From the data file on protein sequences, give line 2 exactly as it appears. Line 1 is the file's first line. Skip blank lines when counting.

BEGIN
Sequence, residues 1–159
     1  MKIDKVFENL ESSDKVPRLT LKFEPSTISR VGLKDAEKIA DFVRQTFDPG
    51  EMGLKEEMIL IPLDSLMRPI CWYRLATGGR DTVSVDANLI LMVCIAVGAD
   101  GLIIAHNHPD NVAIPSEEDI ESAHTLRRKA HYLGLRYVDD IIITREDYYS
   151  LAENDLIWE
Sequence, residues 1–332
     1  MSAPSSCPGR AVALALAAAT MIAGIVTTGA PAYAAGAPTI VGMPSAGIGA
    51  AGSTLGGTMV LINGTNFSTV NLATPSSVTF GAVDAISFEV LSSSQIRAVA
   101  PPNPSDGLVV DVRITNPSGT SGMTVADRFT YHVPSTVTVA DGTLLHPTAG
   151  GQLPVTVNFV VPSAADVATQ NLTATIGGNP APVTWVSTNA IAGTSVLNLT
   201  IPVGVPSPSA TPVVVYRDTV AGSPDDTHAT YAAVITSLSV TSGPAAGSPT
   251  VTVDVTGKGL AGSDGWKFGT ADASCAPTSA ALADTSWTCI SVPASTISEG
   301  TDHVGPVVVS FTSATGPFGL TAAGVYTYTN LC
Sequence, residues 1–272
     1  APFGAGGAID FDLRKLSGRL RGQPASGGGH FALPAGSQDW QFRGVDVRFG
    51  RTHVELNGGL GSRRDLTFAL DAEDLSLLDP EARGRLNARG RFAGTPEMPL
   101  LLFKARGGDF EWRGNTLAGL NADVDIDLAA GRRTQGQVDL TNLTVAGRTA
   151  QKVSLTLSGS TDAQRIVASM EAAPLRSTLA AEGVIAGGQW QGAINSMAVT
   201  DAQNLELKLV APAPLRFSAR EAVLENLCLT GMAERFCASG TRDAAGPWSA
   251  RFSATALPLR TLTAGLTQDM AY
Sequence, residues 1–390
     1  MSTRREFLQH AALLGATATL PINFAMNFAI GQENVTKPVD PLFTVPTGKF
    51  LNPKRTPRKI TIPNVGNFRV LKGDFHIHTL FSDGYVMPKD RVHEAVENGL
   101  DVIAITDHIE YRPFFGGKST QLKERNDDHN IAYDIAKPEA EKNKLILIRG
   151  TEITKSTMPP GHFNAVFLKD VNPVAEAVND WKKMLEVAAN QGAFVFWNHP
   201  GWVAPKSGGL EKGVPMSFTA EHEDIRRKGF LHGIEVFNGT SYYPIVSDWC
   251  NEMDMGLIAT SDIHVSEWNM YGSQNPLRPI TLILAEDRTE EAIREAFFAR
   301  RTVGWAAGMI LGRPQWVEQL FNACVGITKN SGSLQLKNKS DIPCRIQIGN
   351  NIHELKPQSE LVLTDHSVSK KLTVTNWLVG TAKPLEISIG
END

     1  MKIDKVFENL ESSDKVPRLT LKFEPSTISR VGLKDAEKIA DFVRQTFDPG